With the semiconductor industry apparently going down for the third time, and capital tax concessions snatched away in the reform of the US tax system that came into force at the beginning of the year, only the very fittest of the companies that supply the chipmakers seem to have much chance of thriving, and anyone […]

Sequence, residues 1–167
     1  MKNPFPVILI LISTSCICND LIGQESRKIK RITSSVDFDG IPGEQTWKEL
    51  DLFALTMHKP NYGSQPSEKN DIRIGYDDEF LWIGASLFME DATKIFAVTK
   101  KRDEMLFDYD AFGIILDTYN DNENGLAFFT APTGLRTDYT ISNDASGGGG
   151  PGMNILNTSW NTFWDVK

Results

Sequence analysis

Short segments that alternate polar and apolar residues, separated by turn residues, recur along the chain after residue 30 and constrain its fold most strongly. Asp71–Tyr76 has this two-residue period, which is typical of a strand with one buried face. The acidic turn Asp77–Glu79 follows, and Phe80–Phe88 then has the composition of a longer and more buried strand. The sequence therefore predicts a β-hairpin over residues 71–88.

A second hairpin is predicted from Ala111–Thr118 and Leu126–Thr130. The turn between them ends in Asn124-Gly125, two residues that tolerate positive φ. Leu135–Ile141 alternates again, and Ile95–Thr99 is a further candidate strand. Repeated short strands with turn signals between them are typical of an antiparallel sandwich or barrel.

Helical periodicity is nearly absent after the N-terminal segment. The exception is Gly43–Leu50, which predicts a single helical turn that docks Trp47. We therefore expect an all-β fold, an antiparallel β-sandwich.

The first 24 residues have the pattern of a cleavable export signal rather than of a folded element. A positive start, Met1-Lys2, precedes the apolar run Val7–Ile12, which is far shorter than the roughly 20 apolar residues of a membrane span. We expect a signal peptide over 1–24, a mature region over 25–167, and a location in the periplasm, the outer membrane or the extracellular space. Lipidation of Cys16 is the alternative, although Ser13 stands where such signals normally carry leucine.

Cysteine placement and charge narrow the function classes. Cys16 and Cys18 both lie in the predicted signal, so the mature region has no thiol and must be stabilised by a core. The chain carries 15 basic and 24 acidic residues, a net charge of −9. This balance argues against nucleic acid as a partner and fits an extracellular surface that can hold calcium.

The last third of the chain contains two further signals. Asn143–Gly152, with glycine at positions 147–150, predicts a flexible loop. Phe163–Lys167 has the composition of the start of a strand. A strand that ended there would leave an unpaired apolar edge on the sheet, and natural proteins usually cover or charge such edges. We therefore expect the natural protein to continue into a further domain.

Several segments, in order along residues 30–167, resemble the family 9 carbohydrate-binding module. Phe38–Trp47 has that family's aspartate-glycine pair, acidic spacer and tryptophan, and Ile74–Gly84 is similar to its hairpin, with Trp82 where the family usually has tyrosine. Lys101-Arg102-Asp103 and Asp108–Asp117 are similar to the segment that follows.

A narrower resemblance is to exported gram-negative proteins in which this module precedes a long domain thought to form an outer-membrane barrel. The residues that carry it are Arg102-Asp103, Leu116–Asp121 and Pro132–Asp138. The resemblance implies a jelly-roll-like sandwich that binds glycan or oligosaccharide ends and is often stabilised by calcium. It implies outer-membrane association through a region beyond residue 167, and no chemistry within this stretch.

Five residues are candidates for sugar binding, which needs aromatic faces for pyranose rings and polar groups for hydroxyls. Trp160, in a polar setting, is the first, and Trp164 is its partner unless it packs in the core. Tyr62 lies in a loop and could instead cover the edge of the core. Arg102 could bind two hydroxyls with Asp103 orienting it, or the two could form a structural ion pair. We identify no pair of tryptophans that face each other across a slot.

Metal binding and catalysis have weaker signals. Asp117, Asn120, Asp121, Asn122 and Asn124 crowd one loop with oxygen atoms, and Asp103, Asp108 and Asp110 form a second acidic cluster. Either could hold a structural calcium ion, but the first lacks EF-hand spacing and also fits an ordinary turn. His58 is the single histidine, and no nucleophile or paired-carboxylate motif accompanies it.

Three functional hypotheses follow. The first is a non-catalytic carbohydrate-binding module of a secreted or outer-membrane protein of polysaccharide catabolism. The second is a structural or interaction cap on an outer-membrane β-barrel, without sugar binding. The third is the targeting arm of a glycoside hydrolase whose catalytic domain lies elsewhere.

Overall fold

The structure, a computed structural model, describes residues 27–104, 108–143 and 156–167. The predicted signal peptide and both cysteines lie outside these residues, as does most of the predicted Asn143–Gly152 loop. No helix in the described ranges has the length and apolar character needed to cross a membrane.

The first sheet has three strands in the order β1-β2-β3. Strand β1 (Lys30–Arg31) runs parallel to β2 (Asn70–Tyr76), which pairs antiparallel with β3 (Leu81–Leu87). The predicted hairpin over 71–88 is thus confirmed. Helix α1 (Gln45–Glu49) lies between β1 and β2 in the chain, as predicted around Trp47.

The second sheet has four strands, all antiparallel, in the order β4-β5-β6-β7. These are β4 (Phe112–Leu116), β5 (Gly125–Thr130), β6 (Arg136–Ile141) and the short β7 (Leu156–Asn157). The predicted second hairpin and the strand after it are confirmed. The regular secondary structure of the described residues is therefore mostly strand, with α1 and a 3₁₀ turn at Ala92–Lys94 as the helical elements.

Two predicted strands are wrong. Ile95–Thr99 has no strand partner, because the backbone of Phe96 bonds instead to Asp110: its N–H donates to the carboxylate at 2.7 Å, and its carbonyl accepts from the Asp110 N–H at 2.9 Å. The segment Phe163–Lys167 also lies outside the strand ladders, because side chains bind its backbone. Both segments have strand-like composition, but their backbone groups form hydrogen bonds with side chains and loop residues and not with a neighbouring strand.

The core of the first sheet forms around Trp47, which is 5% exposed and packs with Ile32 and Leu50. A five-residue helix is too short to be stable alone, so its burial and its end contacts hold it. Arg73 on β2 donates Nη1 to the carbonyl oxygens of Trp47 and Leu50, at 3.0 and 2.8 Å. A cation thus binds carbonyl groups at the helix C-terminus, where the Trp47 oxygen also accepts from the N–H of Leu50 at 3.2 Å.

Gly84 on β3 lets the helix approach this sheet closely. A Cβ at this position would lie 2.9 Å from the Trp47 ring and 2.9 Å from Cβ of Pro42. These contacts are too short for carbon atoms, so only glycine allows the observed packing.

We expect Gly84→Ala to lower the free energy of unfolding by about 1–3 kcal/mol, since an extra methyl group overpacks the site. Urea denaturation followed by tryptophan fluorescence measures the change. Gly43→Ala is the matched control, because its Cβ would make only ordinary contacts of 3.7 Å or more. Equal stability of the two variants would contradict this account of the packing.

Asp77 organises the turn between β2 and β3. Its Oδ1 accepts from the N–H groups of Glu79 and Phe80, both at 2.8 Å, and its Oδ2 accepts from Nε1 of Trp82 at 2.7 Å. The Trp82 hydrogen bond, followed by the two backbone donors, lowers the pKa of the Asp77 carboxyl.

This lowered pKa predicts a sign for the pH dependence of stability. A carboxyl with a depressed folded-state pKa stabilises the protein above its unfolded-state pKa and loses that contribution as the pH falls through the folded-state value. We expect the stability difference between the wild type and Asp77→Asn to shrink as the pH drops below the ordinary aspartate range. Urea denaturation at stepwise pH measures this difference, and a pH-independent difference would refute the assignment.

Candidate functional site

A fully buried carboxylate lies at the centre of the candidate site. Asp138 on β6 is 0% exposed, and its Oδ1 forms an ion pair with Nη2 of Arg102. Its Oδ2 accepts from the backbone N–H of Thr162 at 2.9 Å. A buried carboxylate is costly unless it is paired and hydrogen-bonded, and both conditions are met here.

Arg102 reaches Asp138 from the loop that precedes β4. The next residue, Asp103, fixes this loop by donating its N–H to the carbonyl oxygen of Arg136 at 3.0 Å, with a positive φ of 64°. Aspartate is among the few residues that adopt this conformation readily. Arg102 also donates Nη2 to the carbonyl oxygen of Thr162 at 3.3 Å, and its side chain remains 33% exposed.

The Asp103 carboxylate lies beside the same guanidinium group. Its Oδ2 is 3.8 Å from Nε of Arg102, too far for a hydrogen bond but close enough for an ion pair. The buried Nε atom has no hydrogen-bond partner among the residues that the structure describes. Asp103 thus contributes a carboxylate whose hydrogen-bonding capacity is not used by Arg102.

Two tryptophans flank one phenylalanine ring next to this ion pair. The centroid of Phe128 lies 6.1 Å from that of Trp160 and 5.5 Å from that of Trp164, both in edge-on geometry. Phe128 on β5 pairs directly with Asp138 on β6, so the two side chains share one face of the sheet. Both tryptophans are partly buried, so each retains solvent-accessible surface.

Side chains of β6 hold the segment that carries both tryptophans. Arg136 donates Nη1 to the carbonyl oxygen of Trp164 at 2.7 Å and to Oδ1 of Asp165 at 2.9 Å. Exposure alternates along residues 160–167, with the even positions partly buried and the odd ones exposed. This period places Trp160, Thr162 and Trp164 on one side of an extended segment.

With the semiconductor industry apparently going down for the third time, and capital tax concessions snatched away in the reform of the US tax system that came into force at the beginning of the year, only the very fittest of the companies that supply the chipmakers seem to have much chance of thriving, and anyone backing such a company right now might be said to need nerves of steel. And yet there is one British company that not only had the right pedigree – founded as long as 106 years ago, and by the youngest son of Charles Darwin, no less – that is not only showing the temerity to come to market in the present climate, but exhibits several reasons why it deserves to be given a very fair wind. That company is Cambridge Instruments Plc, and it has attracted notice across the Atlantic this week for three key sales of its electron beam lithography semiconductor fabrication systems. The customers are Martin Marietta, the US Army at Fort Monmouth, New Jersey, and Gain Electronics. And Gain Electronics is the key to Cambridge Instruments’ attraction. Gain is a pioneer of the coming chip technology of Gallium Arsenide, and the real claim to fame for Cambridge is not its successful fabrication equipment but its equipment for growing GaAs crystals, in which it holds a world lead. The Japanese are plunging into Gallium Arsenide as if Silicon was about to desert the sea shore, and Cambridge has a wholly-owned subsidiary in Tokyo to feed this demand – and is building a plant in Japan to turn out the stuff. The other key strength of Cambridge compared with many of its competitors is that its production control and quality testing equipment goes mainly to manufacturers of full and semi-custom circuits, the one sector of the chip industry that has largely survived the crash in the market for merchant parts. And demand here is only likely to increase as manufacturers turn their commodity fabrication lines over to manufacture of the more profitable applications-specific circuits. Cambridge is still a small company, doing some UKP65m a year, and it does trade in one of the most difficult markets in the electronic sector. But the issue certainly deserves very careful examination when the company, which pulled a planned flotation in July 1985 (CI No 209), comes back to the starting gate in a few weeks’ time. The offer – for the Full List – will be handled by Kleinwort Grieveson.